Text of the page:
- By Tom Frank
- In News
- Tags cleanout access plug, locating home odors, odor, septic tank, sources of home odors, toilet, wax seal
Septic odors inside the house are annoying and sometimes can be hard to locate. An odor inside typically does not mean that your septic tank needs to be pumped, but are more often an indication of a plumbing problem. Weather can also play a part. “Heavy air” days produce odors which are more noticeable than “light air” days.
One very common problem is the drying out of a trap in a basement floor drain or unused toilets, sinks, and showers. The water is used as a seal to keep gases from the septic tank from entering into the home. This can be corrected by making sure all unused drain traps are periodically filled with water. It’s also possible the cleanout access plug inside a drain may be loose and could allow for sewer gas to escape. A professional that provides line cleaning could check this out.
Another common problem is the plumbing vent located on the roof. It is necessary to allow the pressure in the drainpipes to equalize as wastewater flows through them. Without this vent, sinks, tubs, and toilets would gurgle, and in some cases, the toilets and drains would act like they were plugged. These plumbing vents can freeze closed during prolonged cold periods or get clogged with leaves or other debris. A warm day or two will thaw out the frozen pipe but leaves will need to be cleaned out. The pipe can be thawed using a high pressure water jetter used for cleaning sewers or warm water.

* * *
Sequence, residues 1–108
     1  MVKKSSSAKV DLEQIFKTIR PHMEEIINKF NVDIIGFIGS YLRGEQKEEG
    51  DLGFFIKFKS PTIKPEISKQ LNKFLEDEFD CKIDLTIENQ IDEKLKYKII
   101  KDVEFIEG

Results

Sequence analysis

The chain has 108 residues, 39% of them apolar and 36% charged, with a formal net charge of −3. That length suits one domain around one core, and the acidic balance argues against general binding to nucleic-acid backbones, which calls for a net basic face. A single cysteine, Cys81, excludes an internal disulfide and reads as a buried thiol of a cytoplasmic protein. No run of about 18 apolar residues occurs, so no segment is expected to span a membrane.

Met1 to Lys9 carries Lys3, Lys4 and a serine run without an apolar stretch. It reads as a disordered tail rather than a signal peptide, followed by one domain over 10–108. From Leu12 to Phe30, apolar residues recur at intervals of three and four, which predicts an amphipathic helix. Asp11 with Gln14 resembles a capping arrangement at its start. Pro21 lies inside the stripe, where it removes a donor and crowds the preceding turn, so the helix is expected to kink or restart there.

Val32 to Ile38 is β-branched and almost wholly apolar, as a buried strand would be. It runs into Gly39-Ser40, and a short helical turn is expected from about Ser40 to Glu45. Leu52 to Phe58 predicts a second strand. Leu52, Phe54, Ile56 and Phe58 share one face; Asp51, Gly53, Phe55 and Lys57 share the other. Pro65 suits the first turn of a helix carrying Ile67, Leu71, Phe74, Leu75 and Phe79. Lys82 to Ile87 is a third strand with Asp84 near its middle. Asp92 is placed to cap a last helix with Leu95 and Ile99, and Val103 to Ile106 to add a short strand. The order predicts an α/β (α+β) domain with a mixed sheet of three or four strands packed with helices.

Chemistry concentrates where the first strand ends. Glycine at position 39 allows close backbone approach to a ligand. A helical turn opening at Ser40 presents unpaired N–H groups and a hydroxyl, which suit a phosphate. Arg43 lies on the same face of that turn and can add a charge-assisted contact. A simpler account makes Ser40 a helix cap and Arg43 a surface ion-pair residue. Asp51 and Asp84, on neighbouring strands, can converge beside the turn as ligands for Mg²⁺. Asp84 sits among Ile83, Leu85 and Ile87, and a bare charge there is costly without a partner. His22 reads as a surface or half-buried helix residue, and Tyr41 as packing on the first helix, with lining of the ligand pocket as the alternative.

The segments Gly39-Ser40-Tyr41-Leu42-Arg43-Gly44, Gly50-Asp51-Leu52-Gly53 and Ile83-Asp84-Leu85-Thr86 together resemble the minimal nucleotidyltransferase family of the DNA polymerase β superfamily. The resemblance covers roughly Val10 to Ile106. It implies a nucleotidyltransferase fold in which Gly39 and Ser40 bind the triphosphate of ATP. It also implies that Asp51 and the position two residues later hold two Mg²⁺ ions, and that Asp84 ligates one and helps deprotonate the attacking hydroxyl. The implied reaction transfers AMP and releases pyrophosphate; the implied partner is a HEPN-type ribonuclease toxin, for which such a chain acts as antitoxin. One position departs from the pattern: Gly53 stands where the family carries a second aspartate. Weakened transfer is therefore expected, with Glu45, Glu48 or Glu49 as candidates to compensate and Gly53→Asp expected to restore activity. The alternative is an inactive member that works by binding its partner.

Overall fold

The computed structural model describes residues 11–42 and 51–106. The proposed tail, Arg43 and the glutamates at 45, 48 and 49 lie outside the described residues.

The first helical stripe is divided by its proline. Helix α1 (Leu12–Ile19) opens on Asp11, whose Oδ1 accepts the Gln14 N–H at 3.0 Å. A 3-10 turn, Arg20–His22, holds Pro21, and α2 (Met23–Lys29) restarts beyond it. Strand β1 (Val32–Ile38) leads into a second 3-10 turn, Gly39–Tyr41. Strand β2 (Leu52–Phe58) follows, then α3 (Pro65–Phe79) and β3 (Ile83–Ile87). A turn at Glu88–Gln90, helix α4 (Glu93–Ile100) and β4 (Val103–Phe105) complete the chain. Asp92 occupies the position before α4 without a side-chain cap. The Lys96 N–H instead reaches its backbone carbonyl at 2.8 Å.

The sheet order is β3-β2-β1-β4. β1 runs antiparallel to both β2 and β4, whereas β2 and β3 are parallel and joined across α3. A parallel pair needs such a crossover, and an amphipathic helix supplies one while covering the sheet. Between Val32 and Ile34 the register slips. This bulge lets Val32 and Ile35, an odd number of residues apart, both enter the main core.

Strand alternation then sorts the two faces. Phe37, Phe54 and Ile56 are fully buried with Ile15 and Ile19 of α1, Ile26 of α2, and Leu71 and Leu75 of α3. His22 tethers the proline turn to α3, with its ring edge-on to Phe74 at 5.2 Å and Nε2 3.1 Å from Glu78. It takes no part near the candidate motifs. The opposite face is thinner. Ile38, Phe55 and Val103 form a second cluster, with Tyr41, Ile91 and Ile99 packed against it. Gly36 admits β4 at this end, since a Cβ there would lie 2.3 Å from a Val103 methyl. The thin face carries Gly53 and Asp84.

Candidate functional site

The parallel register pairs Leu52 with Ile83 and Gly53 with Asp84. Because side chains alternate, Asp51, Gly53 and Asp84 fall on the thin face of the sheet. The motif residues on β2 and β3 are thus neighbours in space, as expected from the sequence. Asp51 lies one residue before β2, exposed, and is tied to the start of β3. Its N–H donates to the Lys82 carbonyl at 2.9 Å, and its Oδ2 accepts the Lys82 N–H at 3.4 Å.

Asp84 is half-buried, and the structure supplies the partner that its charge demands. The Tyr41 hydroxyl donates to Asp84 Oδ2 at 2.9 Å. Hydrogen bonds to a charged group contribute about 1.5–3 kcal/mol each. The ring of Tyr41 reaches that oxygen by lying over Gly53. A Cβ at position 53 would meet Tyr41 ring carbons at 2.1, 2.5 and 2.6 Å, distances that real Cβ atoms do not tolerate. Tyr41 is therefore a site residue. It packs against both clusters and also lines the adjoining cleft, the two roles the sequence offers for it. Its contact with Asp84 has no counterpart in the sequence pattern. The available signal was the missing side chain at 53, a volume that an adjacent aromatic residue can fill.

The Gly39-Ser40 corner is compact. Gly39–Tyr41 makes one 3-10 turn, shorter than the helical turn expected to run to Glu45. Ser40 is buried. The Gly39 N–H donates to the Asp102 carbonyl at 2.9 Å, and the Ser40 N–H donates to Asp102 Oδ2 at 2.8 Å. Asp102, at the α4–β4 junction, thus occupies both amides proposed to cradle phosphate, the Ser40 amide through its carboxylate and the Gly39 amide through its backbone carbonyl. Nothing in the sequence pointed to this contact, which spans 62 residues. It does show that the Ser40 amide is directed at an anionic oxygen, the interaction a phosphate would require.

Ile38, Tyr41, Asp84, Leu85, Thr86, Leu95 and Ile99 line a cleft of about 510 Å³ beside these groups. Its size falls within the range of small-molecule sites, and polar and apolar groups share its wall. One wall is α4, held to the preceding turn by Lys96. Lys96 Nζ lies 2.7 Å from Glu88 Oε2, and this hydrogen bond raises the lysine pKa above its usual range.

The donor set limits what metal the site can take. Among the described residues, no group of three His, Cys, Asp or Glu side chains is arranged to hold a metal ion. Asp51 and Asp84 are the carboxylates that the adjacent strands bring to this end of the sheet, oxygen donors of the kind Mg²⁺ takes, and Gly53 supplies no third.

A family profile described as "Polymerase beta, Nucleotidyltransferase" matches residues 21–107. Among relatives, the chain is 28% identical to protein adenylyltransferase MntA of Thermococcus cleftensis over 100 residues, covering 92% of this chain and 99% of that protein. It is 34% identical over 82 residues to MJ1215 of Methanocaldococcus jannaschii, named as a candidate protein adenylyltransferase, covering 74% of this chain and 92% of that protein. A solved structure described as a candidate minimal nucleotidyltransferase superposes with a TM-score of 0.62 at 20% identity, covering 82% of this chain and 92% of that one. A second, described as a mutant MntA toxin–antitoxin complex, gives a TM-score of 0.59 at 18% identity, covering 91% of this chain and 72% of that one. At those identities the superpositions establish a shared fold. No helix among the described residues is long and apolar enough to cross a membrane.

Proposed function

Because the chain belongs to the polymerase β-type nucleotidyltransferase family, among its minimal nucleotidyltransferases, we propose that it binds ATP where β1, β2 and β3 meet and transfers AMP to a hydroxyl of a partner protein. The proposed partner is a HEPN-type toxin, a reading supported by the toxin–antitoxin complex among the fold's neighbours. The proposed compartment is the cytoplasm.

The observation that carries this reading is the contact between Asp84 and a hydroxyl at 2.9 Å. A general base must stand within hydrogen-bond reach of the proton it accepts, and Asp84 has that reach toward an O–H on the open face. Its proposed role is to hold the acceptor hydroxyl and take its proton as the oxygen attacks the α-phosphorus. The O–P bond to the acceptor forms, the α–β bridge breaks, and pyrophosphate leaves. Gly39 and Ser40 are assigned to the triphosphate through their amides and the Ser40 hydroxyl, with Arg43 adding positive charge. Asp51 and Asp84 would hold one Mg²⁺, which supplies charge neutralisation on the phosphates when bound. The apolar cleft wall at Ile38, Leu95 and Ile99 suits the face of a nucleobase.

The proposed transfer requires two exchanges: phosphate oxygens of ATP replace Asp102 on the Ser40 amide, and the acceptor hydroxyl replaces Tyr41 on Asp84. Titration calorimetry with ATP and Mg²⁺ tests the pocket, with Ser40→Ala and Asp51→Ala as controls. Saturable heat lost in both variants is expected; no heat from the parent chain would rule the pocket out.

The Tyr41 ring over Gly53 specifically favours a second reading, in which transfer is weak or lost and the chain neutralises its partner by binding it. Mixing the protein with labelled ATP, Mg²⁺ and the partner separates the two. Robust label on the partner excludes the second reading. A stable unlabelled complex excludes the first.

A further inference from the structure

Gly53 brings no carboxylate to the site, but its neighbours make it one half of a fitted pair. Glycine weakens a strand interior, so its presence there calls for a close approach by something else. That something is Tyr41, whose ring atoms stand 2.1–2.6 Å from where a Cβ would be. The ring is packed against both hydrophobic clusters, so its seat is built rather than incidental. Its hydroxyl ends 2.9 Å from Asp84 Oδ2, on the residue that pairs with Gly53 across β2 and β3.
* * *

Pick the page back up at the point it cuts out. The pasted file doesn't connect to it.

Down drafts from wind pattern changes can also create odors in the home. The vent may need to be raised which can be accomplished by just adding onto the existing pipe. (Always take special precautions when working on a slippery or steep roof!)
A dried out wax seal on a toilet is a common source for odors in the bathroom. This can be corrected by pulling the toilet and having a new wax seal installed. If a ceramic tile floor has been installed and the toilet flange has not been raised, two seals may have to be stacked on top of each other to properly seal the gap from raising the floor.
We suggest checking all exposed plumbing, toilet seals, and under sinks for holes and joints for tightness. Once this is done, if the odor persists, smoke can be “blown” into the drain lines. The places where you see smoke escaping means odors can escape as well. These areas will need to be repaired. The majority of the time it is a bad toilet seal. Check this first. It could save you lots of time and frustration!
If you have question regarding septic odors in your home, give us a call. We may be able to help determine the source.